Hong Kong Baptist UniversityGut reactions: how understanding our microbial populations can lead to better digestive health

Gut reactions: how understanding our microbial populations can lead to better digestive health

The gut microbe Ruminococcus gnavus lives in all of us and remains a mystery to most, but researchers at Hong Kong Baptist University have uncovered one of its secrets, and in doing so have presented hope for new ways of treating IBS

The human body is an ecosystem inhabited by trillions of microorganisms, with the vast, disparate microbial community residing in our guts exerting a huge influence on our physiological functions. The numbers alone are intimidating for any researcher looking to understand this frontier in medical science, but once we understand how certain microorganisms function inside the body, their clinical significance soon becomes apparent. 

Hoi Leong Xavier Wong, assistant professor in the School of Chinese Medicine at Hong Kong Baptist University, has made one such discovery, and it offers potential pathways to treatments for patients suffering from diarrhoea-predominant irritable bowel syndrome, IBS-D. 

“Our human gut is colonised by billions or trillions of microorganisms,” Wong says. “There are all different kinds, and these greatly contribute to the regulation of our physiological functions or the functions of different kinds of diseases. Through sequencing techniques, we can identify different kinds of bacterial species and how these can contribute to particular diseases. Through our current study in IBS, it is possible to know exactly which kind of bacteria is associated with a particular type of the disease, and we can know the mechanism by which this bacterium can contribute to the disease.”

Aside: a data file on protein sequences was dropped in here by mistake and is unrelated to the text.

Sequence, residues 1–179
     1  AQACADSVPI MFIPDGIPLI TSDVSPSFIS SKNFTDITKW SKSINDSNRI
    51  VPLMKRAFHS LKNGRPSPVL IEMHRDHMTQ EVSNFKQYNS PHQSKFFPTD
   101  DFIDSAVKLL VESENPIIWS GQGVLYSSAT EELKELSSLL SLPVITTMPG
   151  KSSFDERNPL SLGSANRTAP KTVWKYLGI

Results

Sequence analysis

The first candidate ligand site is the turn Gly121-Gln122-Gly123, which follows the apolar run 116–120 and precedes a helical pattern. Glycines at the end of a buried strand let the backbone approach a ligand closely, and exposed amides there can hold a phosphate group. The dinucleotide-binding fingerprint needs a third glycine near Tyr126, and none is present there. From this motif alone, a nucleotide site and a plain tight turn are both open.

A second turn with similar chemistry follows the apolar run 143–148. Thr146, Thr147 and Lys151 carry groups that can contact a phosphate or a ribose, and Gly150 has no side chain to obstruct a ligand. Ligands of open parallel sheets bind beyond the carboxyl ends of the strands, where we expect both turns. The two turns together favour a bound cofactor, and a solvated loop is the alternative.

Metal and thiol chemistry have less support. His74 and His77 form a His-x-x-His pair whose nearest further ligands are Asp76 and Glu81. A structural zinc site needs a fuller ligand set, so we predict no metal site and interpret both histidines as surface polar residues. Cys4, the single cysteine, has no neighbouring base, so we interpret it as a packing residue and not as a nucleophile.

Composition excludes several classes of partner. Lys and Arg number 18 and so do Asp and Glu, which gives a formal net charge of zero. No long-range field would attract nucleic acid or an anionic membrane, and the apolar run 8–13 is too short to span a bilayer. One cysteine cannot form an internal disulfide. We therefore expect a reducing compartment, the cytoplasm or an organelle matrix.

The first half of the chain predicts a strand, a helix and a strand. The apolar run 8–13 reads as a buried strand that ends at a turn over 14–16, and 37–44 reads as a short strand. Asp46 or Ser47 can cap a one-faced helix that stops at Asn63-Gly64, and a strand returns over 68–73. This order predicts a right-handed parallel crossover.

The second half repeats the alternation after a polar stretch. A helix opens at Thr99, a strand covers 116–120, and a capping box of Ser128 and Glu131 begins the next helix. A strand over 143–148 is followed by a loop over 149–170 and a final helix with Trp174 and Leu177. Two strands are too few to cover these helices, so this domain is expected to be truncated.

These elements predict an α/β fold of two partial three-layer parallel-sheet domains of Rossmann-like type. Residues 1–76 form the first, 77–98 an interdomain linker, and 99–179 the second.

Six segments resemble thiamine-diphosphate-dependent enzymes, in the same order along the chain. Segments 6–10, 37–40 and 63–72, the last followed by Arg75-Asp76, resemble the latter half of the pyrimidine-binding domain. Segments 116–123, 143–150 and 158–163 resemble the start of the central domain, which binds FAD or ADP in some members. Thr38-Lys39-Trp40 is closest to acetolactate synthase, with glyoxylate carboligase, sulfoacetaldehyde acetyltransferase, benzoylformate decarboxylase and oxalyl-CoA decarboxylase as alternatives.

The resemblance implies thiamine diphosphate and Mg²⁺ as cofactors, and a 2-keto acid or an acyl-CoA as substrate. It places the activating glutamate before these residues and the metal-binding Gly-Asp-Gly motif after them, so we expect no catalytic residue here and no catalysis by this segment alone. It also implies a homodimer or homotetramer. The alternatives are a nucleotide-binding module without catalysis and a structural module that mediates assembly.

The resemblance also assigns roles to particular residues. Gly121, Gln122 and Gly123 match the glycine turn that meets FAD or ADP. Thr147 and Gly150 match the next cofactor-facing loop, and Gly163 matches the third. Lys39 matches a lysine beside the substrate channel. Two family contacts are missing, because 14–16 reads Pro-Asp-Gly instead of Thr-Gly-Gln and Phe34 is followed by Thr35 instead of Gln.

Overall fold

The culprit in this instance is Ruminococcus gnavis, a gut microbe that Wong’s research has proved assumes a pathogenic role in cases of IBS-D. Ruminococcus gnavus has form. Studies have identified its role in the production of inflammatory polysaccharides in patients with Crohn’s disease. IBS-D can be added to its rap sheet. Ruminococcus gnavus can bring on the onset of the condition by breaking down dietary essential amino acids such as phenylalanine and stimulating the biosynthesis of serotonin in the gut. 

Besides the sheer numerical challenges involved, understanding the microbial communities in our gut is further complicated by the fact that they evolve over time, reacting to the changes in our body as we age. “There are dynamic changes in these kinds of bacterial species and other microorganisms during our entire lives,” Wong says. “From birth to puberty and to the end of our lives, there are dynamic changes. At different stages of our lives, these different kinds of bacteria will contribute to our physiological functions.” 

These bacteria actively react with our physiology, affecting our homeostatic balance. They influence our immune system, how we metabolise foods, our moods, and there is much to learn. “Our diet can change our gastrobiology,” Wong says. “Our activities can change these populations, and even our emotions can make changes to our gastrobiotic compositions and their functions.”

All of us are hosts to Ruminococcus gnavus but it is only in instances in which the microbe is enriched that it might cause clinical issues such as IBS-D. Wong hopes these findings will improve treatments for IBS-D, which presently only treat the symptoms of the condition. “Now that we know that it is possible for us to provide a potential cure for IBS-D by changing our diet, by changing our gut’s microbiotics,” he says.

Find out more about the School of Chinese Medicine at Hong Kong Baptist University.

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